Targeted mass media interventions promoting healthy behaviours to reduce risk of non-communicable diseases in adult, ethnic minorities

Health authorities and non-governmental organisations often use mass media interventions (e.g. leaflets, radio and TV advertisements, posters and social media) to encourage healthier behaviours related to physical activity, dietary patterns, tobacco use or alcohol consumption, among others. In this review, the authors consider the effects of mass media interventions targeted towards ethnic minorities. A targeted intervention is designed for and considers the characteristics of a specific group, ideally providing ethnic minority groups equal opportunities and resources to access information, life skills, and opportunities to make healthier choices. However, we do not know whether targeted mass media strategies are more effective in reaching and influencing ethnic minorities than mass media strategies developed for the general population.

The review authors found six studies, all from the USA, four of which targeted African Americans and two which targeted Latino or Chinese immigrants. Of the studies, four were experimental (1693 volunteers) and two reported the results of large, targeted campaigns run in whole communities and cities. The available evidence is unable to conclude whether targeted mass media interventions for ethnic minority groups are more, less or equally effective in changing health behaviours than general mass media interventions.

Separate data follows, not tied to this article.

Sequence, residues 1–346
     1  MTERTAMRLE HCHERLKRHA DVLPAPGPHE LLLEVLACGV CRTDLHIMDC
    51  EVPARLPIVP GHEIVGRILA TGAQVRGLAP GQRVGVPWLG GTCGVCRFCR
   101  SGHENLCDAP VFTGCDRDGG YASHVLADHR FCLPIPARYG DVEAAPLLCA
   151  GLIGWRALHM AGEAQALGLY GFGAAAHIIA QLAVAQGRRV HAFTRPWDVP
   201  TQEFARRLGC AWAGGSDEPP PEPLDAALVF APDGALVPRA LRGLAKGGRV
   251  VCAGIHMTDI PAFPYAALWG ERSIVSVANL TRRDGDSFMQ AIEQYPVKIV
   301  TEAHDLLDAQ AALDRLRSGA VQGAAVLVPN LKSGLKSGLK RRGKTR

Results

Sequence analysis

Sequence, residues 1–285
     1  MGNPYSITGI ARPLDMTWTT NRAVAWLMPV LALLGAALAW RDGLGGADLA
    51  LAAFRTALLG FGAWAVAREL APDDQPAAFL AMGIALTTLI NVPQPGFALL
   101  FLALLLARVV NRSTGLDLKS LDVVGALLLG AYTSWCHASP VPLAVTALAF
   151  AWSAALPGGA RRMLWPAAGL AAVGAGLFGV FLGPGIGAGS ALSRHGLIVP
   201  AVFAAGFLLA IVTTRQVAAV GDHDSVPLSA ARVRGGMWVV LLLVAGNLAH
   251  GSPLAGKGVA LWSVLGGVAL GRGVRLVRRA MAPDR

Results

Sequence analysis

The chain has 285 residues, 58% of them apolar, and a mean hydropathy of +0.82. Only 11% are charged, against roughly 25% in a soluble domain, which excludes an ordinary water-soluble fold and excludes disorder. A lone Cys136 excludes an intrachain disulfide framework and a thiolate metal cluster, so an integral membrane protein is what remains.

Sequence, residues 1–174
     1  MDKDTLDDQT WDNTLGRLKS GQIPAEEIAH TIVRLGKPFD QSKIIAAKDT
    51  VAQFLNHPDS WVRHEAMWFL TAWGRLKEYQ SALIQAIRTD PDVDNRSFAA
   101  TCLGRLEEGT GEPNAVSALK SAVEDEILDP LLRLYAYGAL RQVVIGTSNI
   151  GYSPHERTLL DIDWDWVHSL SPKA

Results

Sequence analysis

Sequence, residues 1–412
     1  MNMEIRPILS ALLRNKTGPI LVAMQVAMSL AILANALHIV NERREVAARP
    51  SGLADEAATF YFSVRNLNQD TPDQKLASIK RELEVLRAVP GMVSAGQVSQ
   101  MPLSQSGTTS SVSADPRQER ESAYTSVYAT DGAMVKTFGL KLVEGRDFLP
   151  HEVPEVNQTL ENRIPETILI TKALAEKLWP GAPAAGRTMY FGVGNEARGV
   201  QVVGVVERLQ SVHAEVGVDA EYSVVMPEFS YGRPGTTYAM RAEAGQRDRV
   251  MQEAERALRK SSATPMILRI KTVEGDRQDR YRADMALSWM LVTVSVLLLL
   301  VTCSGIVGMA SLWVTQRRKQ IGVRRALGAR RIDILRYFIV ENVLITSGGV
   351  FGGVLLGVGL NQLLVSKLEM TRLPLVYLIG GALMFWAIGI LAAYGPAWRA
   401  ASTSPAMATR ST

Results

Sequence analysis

Based on findings from three studies, when compared to no intervention, a targeted mass media intervention may increase the number of calls to smoking quit line, but the effect on health behaviours is unclear. These studies could not distinguish the impact of different components, for instance the effect of hearing a message regarding behavioural change, the cultural adaptation to the ethnic minority group, or increase reach to the target group through more appropriate mass media channels.

Read the full review here

Subscribe to Cochrane Public Health RSS